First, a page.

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Day 4- frost was forecast, so I nipped out to the back garden to catch the frosty rainbow chard

20181204_082327Day 5 – was another glorious frosty morning. I went out into the garden to see if there was anything new and I hear a wren in a tree. Again, I couldn’t catch it in the photo but rather liked the dawn light through my neighbour’s apple tree (much bigger than the one that Chelsea tried to climb):

20181205_075130Day 6 – I caught the light at the end of the day. I’m usually stuck in an office at this time but yesterday I happened to be out and about and saw the light begin to leave the sky at 3.30pm:

20181206_153319Day 7 – my work took me out around central Scotland by train. I spent some rather chilly moments waiting on railway platforms. But the sun came out and struck one of these little wooden trains which often cheer me in these small town stations:

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So my first week of looking for wildness and wonder in December has gone rather well. It has been more challenging than the 30dayswild challenge in June but has proved to be possible and perhaps even more joyful. It is easy to find joy in nature in June when the days are long and everything is at its best. It’s tougher in December, with such short days and plenty of gloom. Look out for more on my twitter feed and an update on here next week.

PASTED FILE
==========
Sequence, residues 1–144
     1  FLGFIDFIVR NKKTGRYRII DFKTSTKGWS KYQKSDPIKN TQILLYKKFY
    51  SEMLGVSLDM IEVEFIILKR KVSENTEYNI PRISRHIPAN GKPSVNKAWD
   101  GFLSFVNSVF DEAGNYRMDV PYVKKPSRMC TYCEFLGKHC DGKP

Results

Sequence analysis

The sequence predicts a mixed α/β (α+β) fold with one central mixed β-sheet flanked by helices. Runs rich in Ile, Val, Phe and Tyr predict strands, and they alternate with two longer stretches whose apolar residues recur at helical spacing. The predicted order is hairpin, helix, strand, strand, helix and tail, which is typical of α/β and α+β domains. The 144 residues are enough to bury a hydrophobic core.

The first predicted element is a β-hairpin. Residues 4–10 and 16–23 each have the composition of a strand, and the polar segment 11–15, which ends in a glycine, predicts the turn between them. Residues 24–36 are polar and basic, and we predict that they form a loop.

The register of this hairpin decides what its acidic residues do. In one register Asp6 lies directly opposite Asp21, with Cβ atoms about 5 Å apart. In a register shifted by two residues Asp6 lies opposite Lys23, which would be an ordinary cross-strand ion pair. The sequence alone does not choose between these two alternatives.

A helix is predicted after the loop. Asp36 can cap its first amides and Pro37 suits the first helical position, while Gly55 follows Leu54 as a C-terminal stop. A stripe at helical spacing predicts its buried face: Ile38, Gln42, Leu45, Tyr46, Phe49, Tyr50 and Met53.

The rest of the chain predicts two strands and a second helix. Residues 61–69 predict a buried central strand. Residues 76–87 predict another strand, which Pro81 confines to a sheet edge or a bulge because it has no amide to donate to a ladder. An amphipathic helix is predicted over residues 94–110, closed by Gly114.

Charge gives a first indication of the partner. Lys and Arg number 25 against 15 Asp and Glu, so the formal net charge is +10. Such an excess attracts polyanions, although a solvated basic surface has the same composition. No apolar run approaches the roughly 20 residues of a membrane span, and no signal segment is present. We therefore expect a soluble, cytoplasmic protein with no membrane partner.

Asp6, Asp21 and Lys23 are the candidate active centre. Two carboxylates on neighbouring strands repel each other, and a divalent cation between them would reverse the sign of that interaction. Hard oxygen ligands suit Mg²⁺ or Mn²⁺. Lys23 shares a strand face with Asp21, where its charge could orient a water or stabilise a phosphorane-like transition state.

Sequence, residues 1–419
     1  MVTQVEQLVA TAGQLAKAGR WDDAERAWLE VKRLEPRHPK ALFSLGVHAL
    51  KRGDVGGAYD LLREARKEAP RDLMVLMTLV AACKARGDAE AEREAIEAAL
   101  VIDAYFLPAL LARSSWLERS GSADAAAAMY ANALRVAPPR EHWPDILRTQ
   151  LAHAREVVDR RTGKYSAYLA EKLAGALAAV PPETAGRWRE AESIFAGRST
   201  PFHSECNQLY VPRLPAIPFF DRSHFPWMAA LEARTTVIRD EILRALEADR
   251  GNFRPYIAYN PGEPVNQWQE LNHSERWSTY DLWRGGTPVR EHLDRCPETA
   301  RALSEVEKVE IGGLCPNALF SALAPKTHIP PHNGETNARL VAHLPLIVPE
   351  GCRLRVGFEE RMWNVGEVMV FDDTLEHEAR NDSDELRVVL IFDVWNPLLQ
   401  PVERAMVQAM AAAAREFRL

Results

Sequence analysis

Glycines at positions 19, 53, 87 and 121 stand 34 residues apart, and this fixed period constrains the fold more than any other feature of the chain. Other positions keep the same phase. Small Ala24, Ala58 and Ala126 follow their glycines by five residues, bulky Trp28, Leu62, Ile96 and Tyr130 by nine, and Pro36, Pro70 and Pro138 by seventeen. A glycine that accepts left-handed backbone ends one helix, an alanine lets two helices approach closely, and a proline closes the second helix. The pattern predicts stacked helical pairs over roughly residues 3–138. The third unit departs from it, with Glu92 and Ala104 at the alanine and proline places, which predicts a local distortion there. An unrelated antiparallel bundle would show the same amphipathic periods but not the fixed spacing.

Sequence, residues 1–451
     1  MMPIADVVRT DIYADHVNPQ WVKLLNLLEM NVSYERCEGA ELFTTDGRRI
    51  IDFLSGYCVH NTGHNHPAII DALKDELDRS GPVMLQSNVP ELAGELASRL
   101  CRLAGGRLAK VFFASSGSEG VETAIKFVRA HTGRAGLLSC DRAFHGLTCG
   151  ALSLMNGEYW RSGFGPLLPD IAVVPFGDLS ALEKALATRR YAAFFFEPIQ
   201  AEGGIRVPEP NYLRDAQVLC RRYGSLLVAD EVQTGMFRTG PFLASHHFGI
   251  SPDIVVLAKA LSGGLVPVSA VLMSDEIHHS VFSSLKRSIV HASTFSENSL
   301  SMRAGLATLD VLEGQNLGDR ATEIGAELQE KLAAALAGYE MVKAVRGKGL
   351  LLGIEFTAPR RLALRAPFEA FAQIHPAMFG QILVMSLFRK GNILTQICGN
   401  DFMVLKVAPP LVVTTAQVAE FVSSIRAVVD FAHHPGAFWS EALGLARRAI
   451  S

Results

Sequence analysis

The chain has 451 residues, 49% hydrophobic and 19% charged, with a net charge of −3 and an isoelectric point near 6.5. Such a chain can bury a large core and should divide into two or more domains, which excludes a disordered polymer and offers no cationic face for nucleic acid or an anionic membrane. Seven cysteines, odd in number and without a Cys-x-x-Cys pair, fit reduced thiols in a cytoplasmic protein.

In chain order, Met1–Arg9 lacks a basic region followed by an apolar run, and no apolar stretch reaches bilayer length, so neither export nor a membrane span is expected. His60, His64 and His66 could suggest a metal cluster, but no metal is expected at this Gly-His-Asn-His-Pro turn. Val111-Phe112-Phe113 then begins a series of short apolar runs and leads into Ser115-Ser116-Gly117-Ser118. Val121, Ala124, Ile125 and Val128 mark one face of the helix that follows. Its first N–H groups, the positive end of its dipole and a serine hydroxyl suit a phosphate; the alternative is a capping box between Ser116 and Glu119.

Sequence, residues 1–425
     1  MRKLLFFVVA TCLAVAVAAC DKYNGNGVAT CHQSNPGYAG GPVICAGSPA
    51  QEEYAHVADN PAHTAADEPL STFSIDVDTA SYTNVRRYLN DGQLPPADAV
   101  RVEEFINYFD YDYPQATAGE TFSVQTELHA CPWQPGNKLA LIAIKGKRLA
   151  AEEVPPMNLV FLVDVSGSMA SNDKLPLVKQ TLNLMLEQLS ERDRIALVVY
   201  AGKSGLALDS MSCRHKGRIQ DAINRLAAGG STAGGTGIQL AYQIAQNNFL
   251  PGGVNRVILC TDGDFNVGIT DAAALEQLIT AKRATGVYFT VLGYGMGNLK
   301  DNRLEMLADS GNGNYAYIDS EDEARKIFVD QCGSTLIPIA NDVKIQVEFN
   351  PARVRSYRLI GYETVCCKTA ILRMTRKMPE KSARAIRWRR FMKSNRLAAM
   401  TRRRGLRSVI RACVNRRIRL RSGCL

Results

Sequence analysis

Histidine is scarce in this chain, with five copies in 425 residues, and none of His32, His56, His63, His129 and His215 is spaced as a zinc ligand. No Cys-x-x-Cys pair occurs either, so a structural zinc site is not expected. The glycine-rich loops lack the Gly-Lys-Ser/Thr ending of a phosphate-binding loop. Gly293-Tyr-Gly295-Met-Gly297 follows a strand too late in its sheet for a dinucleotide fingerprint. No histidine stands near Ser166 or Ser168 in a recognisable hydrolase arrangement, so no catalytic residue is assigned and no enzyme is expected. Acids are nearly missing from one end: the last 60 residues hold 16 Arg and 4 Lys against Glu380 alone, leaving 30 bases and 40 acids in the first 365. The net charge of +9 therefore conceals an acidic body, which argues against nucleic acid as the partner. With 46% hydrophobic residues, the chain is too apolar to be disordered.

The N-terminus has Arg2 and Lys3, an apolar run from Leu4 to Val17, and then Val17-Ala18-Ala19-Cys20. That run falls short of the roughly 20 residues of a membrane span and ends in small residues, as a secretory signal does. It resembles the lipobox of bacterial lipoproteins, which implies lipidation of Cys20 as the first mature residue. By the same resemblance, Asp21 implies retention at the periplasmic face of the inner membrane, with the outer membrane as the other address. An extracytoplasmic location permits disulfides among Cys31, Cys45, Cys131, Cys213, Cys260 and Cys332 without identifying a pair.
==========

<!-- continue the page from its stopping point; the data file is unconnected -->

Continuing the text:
Sheds

After a little twitter discussion on #gardenshour the other night, which ended up with more information about deceased vermin that I really wanted, I got to thinking about sheds and their contents. I had commented blythely that I had spent the weekend clearing out a shed (part of my mother’s moving house project) . The shed contained joys of all sorts of other kinds, including: enough plastic pots to keep any gardener going for at least 50 years, the stand for my now 21 year old baby’s Moses basket, several trowels in a range of states of usefulness and decay, several broken bird feeders, some random bags and jars of plant food, bird food and cleaning products, string, cardboard, newspaper, useful plastic thingies, useless plastic thingies, useful wooden thingies, useless wooden thingies, a chimenea, a box of partly rotten cooking apples, a wasps nest, more garden tools in various states of decay, more plastic plant pots, a few rather nice clay pots…